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Trump Issues Columbus Day Proclamation Without Obama’s Misgivings

  • VOA News

Schoolchildren wave Italian flags on a float in the Columbus Day parade in New York, Oct. 13, 2014. The parade is organized by the Columbus Citizens Foundation, and is billed as the world's largest celebration of Italian-American heritage and culture.

U.S. President Donald Trump has issued the annual U.S. proclamation for Columbus Day this Monday without any of his predecessor’s misgivings about the holiday.

Trump’s proclamation urges the U.S. to celebrate Christopher Columbus’ spirit of discovery of the Americas, a contrast to former President Barack Obama’s document last year, which acknowledged both Columbus’ drive to explore and the suffering of Native Americans.

The holiday, which is celebrated on the second Monday in October, has drawn controversy in some quarters of the United States, with a growing number of cities choosing to reinterpret what the day stands for, rebranding it Indigenous Peoples Day and celebrating Native Americans.

'A transformative event'

In his proclamation, Trump praises Columbus, the explorer’s native Italy, and Spain, which sponsored Columbus’ journey to the Americas.

He said, “The permanent arrival of Europeans ... was a transformative event that undeniably and fundamentally changed the course of human history and set the stage for the development of our great nation.’’

Obama’s proclamation in 2016 struck a different tone, saying, “We must also acknowledge the pain and suffering reflected in the stories of Native Americans who had long resided on this land prior to the arrival of European newcomers.”

“The past we share is marked by too many broken promises, as well as violence, deprivation, and disease,” he wrote.

Columbus' legacy

Columbus discovered the Americas while looking for a passage to the spice-producing islands of the East Indies, which are in Asia. He landed on a Bahamian island he named San Salvador, discovering an entire landmass that had been unknown to Europeans, on Oct. 12, 1492.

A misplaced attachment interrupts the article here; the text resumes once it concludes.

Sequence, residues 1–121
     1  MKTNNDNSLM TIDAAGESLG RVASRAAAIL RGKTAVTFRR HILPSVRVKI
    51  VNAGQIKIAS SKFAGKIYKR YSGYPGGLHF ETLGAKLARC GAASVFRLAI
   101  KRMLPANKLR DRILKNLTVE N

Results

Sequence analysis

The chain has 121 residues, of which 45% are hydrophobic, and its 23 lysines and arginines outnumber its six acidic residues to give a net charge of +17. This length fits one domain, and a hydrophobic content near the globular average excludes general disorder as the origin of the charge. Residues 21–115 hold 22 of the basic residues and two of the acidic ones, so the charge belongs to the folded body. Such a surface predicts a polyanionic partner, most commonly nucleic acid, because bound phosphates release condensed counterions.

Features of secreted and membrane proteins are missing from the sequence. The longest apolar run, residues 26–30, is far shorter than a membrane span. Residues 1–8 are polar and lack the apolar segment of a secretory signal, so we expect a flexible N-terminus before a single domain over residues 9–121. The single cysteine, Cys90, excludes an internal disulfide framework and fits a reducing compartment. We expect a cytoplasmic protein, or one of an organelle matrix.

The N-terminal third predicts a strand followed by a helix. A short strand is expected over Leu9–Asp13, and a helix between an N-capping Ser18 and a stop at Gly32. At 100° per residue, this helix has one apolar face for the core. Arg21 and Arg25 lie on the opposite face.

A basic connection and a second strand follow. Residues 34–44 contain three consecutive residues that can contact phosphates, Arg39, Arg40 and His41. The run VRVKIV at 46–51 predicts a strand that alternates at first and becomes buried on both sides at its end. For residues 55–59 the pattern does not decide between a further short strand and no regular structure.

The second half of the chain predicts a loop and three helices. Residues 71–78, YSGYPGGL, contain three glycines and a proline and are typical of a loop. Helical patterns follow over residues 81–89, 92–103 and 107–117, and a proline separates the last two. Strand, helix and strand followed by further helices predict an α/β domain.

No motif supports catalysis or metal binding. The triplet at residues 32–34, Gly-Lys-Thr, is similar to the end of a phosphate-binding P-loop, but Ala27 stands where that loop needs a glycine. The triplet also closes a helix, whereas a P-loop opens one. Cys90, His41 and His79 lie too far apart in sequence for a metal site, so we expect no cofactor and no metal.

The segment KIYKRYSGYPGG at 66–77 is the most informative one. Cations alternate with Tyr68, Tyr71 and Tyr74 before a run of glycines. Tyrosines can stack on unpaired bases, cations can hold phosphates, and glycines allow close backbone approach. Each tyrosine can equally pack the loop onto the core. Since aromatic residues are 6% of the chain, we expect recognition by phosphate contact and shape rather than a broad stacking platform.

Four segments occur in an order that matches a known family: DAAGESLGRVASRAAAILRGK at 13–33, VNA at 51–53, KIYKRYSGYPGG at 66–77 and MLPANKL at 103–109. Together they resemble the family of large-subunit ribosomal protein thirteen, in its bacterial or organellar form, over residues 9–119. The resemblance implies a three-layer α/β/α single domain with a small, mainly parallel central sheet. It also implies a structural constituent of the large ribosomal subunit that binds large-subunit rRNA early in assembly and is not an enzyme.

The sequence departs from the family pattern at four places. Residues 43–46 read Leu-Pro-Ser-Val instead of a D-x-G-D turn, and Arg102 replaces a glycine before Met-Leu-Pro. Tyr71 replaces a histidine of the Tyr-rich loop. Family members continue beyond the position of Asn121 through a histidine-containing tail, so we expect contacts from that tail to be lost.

Columbus Day is celebrated not only by the United States, but also Spain, which supported the Columbus expedition, Italy, Colombia (named for Christopher Columbus), several other South American nations, and some Caribbean islands.

The day is seen by Italian-Americans as a celebration of Columbus’ heritage and their own. It is seen by Hispanics as a celebration of their culture, because of to the links between Columbus and the royal court of Spain and the subsequent Spanish colonization of much of South and Central America.

Sharon Brown, a Haida tribal member from Bonney Lake, Wash., drums during a march for Indigenous Peoples Day, Oct. 12, 2015, in Seattle. As the U.S. observes Columbus Day, it will also be Indigenous Peoples Day in some U.S. cities.
Sharon Brown, a Haida tribal member from Bonney Lake, Wash., drums during a march for Indigenous Peoples Day, Oct. 12, 2015, in Seattle. As the U.S. observes Columbus Day, it will also be Indigenous Peoples Day in some U.S. cities.

Indigenous Peoples Day

However, in the United States, the holiday has been met with opposition by some who say Columbus Day glorifies a man and a culture that ran roughshod over the indigenous people who were living in the New World before Europeans arrived.

Several cities, including Seattle, Washington; Albuquerque, New Mexico; St. Paul, Minnesota; and Phoenix, Arizona, are among those celebrating Indigenous Peoples Day. Some mark the day concurrently with Columbus Day, and some cities have rejected Columbus Day altogether.

On the other hand, several cities have rejected proposals for them to proclaim Indigenous Peoples Day, including Cincinnati, Ohio, and Oklahoma City, Oklahoma.

Many of those who support celebrating Columbus Day say Columbus’ discovery is an important part of American history and say those who want to celebrate indigenous people should choose a different day.

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